Ultimate frisbee is trying to fill a quirky gap in the sporting market, attempting to shed its image as an activity solely for slackers and those with limited athletic ability. Instead, there has been a concentrated effort to establish Ultimate’s credibility in sporting circles. Meanwhile, there is always the danger that in becoming a serious sport, ultimate frisbee runs the risk of being too professional, to such an extent that it alienates those with less developed skill sets. After all, the relaxed atmosphere and emphasis on inclusivity have always been the sport’s unique selling points.
However, at an outdoor training session on a bright September evening outside the Pav, it is clear that in Dublin University Ultimate Frisbee Club (DUUFC), enjoyment is paramount. Successful and stunning catches are met with cheers and the odd clap, while gaffes and blunders are simply laughed off. Men’s Captain Paul McDonough explains that the laidback nature of the club’s first training sessions is important for enticing new players: “We are aware that a lot of people won’t have really played the sport before and are tentative to try it. If you say on the first week that, ‘you have to commit to this amount of gym and that amount of training’, you’re going to scare people off.”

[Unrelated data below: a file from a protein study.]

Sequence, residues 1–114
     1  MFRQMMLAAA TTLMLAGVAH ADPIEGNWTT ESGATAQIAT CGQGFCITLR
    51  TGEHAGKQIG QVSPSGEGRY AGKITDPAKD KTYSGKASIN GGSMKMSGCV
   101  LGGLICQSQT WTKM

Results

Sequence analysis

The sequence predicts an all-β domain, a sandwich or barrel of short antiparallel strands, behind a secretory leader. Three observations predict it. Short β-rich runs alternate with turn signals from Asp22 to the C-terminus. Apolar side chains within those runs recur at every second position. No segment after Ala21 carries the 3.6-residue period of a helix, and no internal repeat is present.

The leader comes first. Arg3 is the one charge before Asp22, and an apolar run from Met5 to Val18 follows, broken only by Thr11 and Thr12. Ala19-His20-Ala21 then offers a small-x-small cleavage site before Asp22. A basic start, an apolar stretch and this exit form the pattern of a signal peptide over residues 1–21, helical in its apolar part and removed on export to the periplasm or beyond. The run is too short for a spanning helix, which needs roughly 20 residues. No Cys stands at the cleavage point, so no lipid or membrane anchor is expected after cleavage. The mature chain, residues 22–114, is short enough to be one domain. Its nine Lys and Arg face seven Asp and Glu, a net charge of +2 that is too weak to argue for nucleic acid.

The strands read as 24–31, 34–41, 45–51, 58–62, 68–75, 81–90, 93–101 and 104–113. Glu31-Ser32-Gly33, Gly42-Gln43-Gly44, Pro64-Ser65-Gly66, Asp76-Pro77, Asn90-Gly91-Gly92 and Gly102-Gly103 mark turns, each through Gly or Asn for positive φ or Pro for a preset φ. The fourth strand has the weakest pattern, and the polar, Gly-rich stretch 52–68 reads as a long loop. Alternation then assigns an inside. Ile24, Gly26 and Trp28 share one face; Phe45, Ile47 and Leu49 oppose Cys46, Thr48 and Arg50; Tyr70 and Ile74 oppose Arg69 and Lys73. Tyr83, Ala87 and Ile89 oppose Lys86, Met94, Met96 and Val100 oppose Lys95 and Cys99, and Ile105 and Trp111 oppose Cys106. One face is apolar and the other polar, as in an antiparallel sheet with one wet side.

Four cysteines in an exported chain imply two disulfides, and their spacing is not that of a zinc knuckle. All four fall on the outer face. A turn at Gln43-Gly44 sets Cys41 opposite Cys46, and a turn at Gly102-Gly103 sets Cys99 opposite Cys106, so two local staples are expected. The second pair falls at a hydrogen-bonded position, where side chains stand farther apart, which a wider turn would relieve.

“We are aware that a lot of people won’t have really played the sport before and are tentative to try it.”
Of course, while there are naturally going to be newcomers to the sport, the club must also cater for more competent players whose knowledge stretches far beyond the basics: “For our more experienced players, we’re looking for more emphasis on gym work. We’re fortunate enough to have a few people in our club that do physio that will take our warm-ups and design fitness plans for us throughout the season. The focus at the start of the season is on strength: being able to jump higher and become a more explosive athlete. Towards the later half, we turn our attention to cardio and being able to outrun opponents.”